Japanese Food

The staple of a Japanese meal is rice, the most important domestic crop. While the Westerner might have bread, rice is served with nearly every traditional Japanese meal, from plain rice cooked in a specialized rice cooker to vinegared rice served in a sushi roll to onigiri, cooked rice wrapped in nori seaweed.

Japan is a country that is surrounded by water. The Japanese have taken advantage of this by adopting seafood as a major component of their everyday diet. Other kinds of food include noodles, tofu, and many more!


Sushi is eponymous with Japanese food. This hand-rolled delight is most commonly made with sushi rice, nori, and raw fish.


A frequent dish at the Japanese breakfast, lunch, or dinner table is miso soup. Learn more about the history, health benefits, and usage of the miso seasoning and paste in Japanese cuisine!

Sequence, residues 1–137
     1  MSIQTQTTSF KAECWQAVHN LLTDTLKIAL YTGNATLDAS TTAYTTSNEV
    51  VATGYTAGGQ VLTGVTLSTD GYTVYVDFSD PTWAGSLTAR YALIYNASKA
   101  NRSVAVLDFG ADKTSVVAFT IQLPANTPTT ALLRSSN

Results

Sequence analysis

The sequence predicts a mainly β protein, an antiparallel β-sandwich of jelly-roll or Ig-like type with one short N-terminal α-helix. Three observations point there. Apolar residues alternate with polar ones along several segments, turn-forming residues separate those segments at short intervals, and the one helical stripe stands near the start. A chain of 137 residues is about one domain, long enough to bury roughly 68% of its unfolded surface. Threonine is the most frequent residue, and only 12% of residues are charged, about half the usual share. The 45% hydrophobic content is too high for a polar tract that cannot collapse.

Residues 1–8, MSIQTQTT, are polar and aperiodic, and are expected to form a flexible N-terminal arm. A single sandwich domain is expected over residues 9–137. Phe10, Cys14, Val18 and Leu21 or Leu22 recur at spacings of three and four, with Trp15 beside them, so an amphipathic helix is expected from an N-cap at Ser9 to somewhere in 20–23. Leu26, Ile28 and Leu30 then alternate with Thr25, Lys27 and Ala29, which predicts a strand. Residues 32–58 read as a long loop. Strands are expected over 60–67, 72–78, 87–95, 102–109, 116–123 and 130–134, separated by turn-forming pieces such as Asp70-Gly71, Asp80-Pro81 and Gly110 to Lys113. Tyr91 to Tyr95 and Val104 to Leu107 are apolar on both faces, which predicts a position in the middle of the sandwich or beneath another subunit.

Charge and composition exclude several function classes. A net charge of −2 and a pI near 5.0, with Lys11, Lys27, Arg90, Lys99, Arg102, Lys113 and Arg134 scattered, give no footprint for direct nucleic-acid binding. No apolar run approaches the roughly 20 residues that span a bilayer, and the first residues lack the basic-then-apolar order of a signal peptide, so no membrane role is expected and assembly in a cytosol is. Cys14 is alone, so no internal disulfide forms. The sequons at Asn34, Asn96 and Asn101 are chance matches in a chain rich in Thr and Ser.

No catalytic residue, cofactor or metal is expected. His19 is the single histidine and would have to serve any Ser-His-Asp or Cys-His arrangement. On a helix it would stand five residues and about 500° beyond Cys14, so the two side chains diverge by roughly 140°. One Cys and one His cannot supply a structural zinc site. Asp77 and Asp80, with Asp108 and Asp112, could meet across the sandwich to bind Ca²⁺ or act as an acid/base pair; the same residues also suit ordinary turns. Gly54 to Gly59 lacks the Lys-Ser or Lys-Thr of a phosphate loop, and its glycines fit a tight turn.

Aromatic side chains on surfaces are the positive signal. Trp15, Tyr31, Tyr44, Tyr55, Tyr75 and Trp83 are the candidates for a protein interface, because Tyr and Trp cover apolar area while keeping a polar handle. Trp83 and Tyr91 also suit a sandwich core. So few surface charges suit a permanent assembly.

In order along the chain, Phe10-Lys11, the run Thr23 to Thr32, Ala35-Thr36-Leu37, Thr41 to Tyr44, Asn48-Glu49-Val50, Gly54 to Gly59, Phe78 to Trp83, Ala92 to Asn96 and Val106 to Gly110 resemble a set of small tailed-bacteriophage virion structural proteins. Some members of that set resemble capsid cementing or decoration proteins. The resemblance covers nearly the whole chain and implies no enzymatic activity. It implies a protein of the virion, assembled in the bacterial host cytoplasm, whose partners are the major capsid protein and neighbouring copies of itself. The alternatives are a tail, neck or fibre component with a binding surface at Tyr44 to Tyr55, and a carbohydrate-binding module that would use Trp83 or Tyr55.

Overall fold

Manju Manju

The versatile Japanese food manju is a delicious part of the Japanese diet, particularly during winter when a manju’s warmth and convenience make it a soothing snack that heats you up!


Kanpai! The most popular alcoholic drink is sake, the Japanese equivalent of beer. Learn more about the history and varieties of sake!


Tempura is deep-fried seafood, vegetables, or sometimes meat covered in a lightly seasoned batter. Soba noodles Noodles
Served both warm and cold, in soup and on your plate, Japanese noodles are highlights of many favorite Japanese dishes.


The hot pot dish sukiyaki warms up many Japanese people on cold winter nights. Gathering around in a group as this beef dish cooks right on the table, the Japanese cook sukiyaki as they like it!


Gyoza is a popular Japanese dish that comes in a variety of flavors and is a staple of country’s native cuisine.